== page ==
On the Monday Jan. 23 edition of Georgia Today: Violent protests erupt in Atlanta, portions of Fulton County's investigation into Donald Trump may by made public, and strips of fentanyl testing will be available.

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Peter Biello: Welcome to the new Georgia Today podcast from GPB News. Today is Monday, January 23rd. I'm Peter Biello. On today's episode, protests in Atlanta turned violent over the weekend. The CDC wants to help stop accidental fentanyl overdoses. A new flag is now flying over Macon City Hall. These stories and more are coming up on this edition of Georgia Today.


Story 1

Peter Biello: A Fulton County judge is weighing how much of a recent report from the Fulton County grand jury investigating election interference should be made public. GPB's Stephen Fowler has more on tomorrow's court proceedings.

Stephen Fowler: For the last eight months, the special purpose grand jury requested by Fulton County District Attorney Fani Willis has heard testimony from countless witnesses about efforts to overturn the 2020 election in Georgia. The grand jury can't issue indictments, but can write a report with recommendations. So now Fulton County Superior Court Judge Robert McBurney will hear arguments from the DA's office, as well as potential targets of the investigation, about what, if any, parts of that report should be public. A group of news outlets has also filed a motion arguing the entire report should be made public. For GPB News, I'm Stephen Fowler.


Story 2

Peter Biello: A protest turned violent in downtown Atlanta on Saturday night in the wake of the death of an environmental activist who was killed last week after authorities said the 26-year-old shot a state trooper. Masked activists dressed in all black threw rocks and lit fireworks in front of a skyscraper that houses the Atlanta Police Foundation, shattering large glass windows. They then lit a police car on fire and vandalized other buildings with anti-police graffiti. The violent protesters were among hundreds of demonstrators who had gathered and marched up Peachtree Street to mourn the death of the protester. Manuel Teran. Teran was killed last Wednesday as authorities cleared a small group of protesters from the site of a planned Atlanta area public safety training center that activists have dubbed "Cop City." The Georgia Bureau of Investigation has said Teran was killed after shooting and injuring a state trooper. But activists have questioned officials version of events, calling it a murder and demanding an independent investigation. The GBI says it has received confirmation from a firearms transaction record that in September 2020, Teran legally purchased the firearm that was used in the shooting of a GSP trooper. Word of Saturday's protest has been widely circulated ahead of time on social media and among leftist activists, with some passing out fliers that read "Police killed a protester. Stand up, fight back." A police statement said the protesters damaged property at several locations along Peachtree Street, a corridor of hotels and restaurants. Adding that several arrests were made and order was quickly restored to the downtown space. Atlanta Mayor Andre Dickins says peaceful protests are welcome in Atlanta, but violence will not be tolerated. Speaking on CBS's Face the Nation yesterday, Dickens said many groups called for better police training after the 2020 police killing of George Floyd, but don't seem to want that training to happen.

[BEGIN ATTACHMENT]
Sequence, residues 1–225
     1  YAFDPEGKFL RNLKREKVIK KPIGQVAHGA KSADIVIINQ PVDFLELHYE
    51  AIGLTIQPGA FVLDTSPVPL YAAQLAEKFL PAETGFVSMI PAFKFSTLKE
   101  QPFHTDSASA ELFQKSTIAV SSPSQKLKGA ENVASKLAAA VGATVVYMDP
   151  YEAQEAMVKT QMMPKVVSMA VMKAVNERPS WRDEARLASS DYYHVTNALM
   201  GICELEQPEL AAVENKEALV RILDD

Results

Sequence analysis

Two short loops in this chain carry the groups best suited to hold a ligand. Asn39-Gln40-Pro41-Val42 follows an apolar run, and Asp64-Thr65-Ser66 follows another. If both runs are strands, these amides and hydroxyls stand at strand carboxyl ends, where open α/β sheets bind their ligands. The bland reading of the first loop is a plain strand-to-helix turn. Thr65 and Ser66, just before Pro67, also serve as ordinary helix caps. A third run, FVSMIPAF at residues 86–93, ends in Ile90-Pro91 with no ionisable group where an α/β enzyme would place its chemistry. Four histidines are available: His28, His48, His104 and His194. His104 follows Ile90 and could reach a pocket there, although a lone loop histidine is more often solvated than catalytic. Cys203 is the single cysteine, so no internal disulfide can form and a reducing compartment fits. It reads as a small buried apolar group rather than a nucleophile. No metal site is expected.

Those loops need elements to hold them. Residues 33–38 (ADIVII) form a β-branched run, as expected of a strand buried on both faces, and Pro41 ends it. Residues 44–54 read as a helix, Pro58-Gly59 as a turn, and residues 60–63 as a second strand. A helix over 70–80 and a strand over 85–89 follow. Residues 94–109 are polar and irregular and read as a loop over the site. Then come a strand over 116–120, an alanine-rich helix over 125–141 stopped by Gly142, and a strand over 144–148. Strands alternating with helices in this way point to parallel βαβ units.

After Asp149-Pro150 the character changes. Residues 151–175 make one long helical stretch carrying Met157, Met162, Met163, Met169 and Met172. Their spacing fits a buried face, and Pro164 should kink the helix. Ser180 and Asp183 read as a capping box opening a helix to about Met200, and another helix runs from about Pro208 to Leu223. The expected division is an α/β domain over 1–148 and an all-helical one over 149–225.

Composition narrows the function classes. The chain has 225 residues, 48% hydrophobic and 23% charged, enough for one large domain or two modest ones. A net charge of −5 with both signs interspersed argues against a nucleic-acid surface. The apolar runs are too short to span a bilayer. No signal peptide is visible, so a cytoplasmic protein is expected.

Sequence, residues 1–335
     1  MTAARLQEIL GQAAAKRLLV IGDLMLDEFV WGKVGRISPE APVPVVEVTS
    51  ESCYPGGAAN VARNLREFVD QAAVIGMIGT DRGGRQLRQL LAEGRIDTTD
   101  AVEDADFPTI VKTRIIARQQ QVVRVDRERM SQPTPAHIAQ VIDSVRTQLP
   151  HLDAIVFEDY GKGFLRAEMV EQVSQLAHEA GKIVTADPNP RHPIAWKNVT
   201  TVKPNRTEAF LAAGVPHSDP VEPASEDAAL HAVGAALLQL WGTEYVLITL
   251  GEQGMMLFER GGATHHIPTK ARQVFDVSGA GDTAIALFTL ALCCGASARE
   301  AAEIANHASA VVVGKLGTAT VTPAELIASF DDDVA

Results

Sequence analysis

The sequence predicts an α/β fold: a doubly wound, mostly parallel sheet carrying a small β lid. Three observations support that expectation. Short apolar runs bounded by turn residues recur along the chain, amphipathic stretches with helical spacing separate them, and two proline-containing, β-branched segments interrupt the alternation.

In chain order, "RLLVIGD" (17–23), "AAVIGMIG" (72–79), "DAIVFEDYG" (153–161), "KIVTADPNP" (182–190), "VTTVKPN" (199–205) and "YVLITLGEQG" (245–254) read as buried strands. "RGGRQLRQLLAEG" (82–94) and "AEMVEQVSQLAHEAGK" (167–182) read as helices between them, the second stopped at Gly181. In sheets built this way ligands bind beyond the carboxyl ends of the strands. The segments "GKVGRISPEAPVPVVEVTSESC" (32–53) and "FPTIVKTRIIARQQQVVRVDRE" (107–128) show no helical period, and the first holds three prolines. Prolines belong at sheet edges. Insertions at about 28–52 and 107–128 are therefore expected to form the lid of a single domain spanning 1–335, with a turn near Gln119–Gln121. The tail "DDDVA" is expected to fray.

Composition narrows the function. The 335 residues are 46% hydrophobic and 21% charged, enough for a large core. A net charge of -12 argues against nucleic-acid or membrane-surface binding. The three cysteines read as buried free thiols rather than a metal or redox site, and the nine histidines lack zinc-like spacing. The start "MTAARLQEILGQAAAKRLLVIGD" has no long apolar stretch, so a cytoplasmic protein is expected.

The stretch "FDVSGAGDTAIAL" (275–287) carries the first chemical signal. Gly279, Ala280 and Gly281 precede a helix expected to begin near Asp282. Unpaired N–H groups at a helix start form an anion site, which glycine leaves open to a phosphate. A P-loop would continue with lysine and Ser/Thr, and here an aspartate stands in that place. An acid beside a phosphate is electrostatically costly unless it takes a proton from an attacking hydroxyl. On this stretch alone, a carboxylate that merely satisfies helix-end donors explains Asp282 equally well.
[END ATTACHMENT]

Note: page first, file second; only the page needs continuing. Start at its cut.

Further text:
Mayor Andre Dickens: We can't train imaginary. We have to do it in a facility that allows for police, firefighters and the community to train together. And so this is bringing about the change that we wanted to see in 2020. And now while we're doing it, these individuals don't want to see any resources go towards that.

A person prepares heroin, placing a fentanyl test strip into the mixing container to check for contamination.

A person prepares heroin, placing a fentanyl test strip into the mixing container to check for contamination, Wednesday Aug. 22, 2018, in New York.

Credit: (AP Photo/Bebeto Matthews)

Story 3

Peter Biello: According to the Centers for Disease Control and Prevention, U.S. life expectancy fell for the second year in a row. They cite 2022 deaths from COVID-19 and drug overdoses. But as GPB's Ellen Eldridge reports, a new program could address at least one of the causes.